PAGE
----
W3C home > Mailing lists > Public > public-webapps@w3.org > October to December 2012

Re: [XHR]

From: Jakub Łopuszański <qbolec@gmail.com>
Date: Mon, 8 Oct 2012 16:42:48 +0200
Message-ID: <CAC=6dzD-EdA3WyMKw1j7GK+srAMND6ksfHcF7C8Rv=Bbovjjcw@mail.gmail.com>
To: Jungkee Song <jungkee.song@samsung.com>
Cc: "Hallvord R. M. Steen" <hallvord@opera.com>, public-webapps@w3.org
2012/10/8 Jungkee Song <jungkee.song@samsung.com>

> > From: Jakub Łopuszański [mailto:qbolec@gmail.com]
> > Sent: Monday, October 08, 2012 6:07 PM
> >
> > 2012/10/8 Hallvord R. M. Steen <hallvord@opera.com>
> >> Jakub Łopuszański <qbolec@gmail.com> skreiv Sat, 06 Oct 2012 18:09:16
> +0200
> >>
> >>> Spec at http://www.w3.org/TR/XMLHttpRequest/ says that:
> >>> 1. each change of state must fire an event
> >>> 2. readyState must always be equal to the current state
> >>> it follows that it is possible for eventhandler to be called more than
> once with the same value of readyState
> >>
> >> You mean a race condition of sorts where the implementation fires an
> event for the change from readyState 2 to readyState 3 but when the event
> gets fired, readyState turns out to be 4 already? An implementation doing
> that is not likely to be web-compatible, so if the spec text seems to allow
> this we should probably fix it. (There was however at least one
> implementation that supported a sort of server-push mode by supporting
> chunked HTTP and firing a new readyState 3 event every time a new part of
> the content came in - I think Firefox used to do this but I'm not sure if
> they still do.) So I don't know if we really want to outlaw firing several
> events for the same readyState value..
> > Yes, I mean this race condition. It actually is quite easy to reproduce
> -- open http://jsfiddle.net/44b3P/ in Chrome with dev tools opened. I've
> added "debugger" statement to force a pause long enough for events to
> accumulate in the queue, so once you press "play" button to continue
> debugging, you'll get 3 alerts one for each event.
> Although we can reproduce this executing *debugger;* statement in Web
> Inspector, there might not be many such cases in real web programming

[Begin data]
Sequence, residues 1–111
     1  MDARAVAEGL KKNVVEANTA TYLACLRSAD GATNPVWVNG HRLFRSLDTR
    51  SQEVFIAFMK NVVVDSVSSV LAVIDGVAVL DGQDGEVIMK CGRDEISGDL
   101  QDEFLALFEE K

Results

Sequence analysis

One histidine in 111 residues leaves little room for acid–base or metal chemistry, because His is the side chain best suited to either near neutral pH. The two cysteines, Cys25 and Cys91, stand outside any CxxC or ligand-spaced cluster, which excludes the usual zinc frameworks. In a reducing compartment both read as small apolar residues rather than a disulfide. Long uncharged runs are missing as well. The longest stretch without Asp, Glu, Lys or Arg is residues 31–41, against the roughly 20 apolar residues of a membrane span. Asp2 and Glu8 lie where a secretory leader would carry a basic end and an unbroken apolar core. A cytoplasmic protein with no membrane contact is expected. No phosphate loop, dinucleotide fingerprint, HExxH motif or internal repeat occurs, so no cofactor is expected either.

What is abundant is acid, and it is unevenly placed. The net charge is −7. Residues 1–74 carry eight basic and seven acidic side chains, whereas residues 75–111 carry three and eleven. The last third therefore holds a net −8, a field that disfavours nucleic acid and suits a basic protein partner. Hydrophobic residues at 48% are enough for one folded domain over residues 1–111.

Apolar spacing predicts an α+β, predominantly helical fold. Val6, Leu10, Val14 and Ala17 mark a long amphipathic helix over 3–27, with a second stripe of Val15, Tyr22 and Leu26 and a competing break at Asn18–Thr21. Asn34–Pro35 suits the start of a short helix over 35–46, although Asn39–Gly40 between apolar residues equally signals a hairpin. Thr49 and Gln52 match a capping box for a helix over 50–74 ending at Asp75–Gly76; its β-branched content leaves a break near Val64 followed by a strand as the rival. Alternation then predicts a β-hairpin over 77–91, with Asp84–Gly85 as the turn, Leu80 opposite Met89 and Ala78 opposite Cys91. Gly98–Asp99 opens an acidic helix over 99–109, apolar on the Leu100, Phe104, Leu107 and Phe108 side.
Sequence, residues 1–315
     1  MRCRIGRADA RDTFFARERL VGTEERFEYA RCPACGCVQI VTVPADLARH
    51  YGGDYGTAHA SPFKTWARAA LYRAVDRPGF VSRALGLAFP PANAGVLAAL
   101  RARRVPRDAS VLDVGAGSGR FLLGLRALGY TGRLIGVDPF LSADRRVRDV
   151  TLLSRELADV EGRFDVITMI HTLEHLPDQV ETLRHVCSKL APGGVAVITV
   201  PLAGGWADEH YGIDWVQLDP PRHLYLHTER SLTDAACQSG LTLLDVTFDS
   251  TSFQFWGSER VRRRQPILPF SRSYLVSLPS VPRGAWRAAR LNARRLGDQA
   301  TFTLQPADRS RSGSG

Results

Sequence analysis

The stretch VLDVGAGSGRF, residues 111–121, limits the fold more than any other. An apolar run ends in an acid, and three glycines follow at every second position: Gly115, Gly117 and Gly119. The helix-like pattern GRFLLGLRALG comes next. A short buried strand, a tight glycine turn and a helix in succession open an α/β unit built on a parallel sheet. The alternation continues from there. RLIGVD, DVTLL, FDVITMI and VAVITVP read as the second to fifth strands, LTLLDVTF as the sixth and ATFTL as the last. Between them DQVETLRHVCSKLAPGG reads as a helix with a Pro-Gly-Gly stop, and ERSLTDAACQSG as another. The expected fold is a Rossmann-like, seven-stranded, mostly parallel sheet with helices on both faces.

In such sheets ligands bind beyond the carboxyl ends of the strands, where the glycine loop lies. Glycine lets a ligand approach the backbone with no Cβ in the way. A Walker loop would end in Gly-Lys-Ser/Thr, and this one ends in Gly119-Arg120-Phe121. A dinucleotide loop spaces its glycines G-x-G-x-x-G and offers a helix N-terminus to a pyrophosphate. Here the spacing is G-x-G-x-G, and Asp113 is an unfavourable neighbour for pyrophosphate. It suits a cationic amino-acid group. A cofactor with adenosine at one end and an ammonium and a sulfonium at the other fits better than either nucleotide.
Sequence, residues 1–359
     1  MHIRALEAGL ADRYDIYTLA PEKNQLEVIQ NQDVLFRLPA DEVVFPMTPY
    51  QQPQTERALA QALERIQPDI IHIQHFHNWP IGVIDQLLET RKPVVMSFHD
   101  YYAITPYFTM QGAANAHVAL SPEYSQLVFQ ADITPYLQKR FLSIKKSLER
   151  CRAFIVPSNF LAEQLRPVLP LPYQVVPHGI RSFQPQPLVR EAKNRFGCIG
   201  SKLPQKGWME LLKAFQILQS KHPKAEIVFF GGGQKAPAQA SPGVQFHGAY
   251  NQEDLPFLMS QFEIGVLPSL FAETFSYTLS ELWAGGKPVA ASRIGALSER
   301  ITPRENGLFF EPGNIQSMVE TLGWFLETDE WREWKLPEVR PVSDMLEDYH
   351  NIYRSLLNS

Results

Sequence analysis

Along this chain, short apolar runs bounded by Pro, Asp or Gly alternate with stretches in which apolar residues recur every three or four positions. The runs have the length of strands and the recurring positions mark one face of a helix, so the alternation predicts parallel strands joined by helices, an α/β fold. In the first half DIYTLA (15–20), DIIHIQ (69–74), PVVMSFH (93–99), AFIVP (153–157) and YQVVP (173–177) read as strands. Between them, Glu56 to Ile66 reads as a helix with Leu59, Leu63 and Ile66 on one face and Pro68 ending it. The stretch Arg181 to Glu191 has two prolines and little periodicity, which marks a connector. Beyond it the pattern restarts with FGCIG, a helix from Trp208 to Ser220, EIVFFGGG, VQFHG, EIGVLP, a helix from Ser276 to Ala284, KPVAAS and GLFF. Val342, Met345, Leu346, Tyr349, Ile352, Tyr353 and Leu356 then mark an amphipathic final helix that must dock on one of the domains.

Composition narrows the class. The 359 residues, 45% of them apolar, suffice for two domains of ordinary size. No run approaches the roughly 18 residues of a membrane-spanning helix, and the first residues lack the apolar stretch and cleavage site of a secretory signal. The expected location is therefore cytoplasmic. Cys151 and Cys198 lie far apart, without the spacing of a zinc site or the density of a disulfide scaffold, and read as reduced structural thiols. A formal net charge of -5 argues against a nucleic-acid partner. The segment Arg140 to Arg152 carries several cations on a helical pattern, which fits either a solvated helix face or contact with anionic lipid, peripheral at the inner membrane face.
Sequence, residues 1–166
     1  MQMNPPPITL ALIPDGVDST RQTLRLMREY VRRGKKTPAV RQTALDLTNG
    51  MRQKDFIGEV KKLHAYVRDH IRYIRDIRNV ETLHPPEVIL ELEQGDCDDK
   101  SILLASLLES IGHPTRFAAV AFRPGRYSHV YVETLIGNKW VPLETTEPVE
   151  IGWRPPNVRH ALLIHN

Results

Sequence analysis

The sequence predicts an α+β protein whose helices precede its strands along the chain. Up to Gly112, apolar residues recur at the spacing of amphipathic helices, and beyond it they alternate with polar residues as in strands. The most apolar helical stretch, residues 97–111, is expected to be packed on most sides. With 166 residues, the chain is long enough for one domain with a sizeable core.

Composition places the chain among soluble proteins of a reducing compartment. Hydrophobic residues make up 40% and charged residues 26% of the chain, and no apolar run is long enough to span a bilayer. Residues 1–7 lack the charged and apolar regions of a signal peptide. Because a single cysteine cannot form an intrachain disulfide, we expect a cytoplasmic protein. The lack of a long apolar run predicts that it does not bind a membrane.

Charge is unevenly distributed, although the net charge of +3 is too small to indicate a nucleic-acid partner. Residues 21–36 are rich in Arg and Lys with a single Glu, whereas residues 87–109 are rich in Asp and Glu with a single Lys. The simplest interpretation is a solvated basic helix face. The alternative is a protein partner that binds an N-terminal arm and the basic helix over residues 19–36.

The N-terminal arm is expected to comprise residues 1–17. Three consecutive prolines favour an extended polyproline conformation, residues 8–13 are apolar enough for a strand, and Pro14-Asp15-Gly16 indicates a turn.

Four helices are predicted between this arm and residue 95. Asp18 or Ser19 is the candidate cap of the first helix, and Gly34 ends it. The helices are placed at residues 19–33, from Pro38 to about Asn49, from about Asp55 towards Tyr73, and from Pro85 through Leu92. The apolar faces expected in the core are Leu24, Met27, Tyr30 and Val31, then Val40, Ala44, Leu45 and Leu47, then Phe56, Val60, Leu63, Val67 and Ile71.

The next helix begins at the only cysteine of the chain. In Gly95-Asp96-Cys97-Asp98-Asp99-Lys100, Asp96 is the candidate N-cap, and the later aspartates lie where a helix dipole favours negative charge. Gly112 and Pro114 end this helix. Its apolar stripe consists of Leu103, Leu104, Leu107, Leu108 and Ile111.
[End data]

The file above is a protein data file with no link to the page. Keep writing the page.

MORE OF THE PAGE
> context. This particular case may represent the situation in that a client
> wants to *block* the execution until the data transfer completes. I believe
> "block" the execution in asynchronous request is not that client
> implementation normally intends. (I don't think we have any JavaScript
> function to do so.)
> If client intentionally needs to be blocked, it should make a synchronous
> request although it may encounter browser popup to abort the request:
> client.open("GET", "too-big-to-wait-image.png", false);
> client.send();
> I believe the statement in the spec, "The XMLHttpRequest object can be in
> several states. The readyState attribute must return the current state,
> ...", sounds reasonable assuming non-blocking scenarios. It also supports
> the use case that Hallvord mentioned above.
> Regards,
> Jungkee
> Jungkee Song
> Samsung Electronics
I used "debugger" as it was the easiest way for me to show whats wrong with
the example presented in the W3C documentation -- I've simply added one
line, and viola!
In real word scenario consider sending multiple requests to files cached in
broswer's cache -- I believe it may happen that they all return almost
immediately, firing events faster than JS can execute eventhandlers for
them, if eventhandlers perform some complicated blocking actions.

I do not know if I understand correctly what you say, but I hope it was not
"race conditions are rare, so why change the spec".
Yes, they are rare, but w3c spec should be the place where developers can
find a rock solid example of code.
In this case it would suffice to add some boolean guard, or just check if
the current status is actually different than the last observed one.
I am not arguing to change the behaviour of XHR, but rather to change the
Received on Monday, 8 October 2012 14:43:16 UTC

This archive was generated by hypermail 2.3.1 : Friday, 27 October 2017 07:26:49 UTC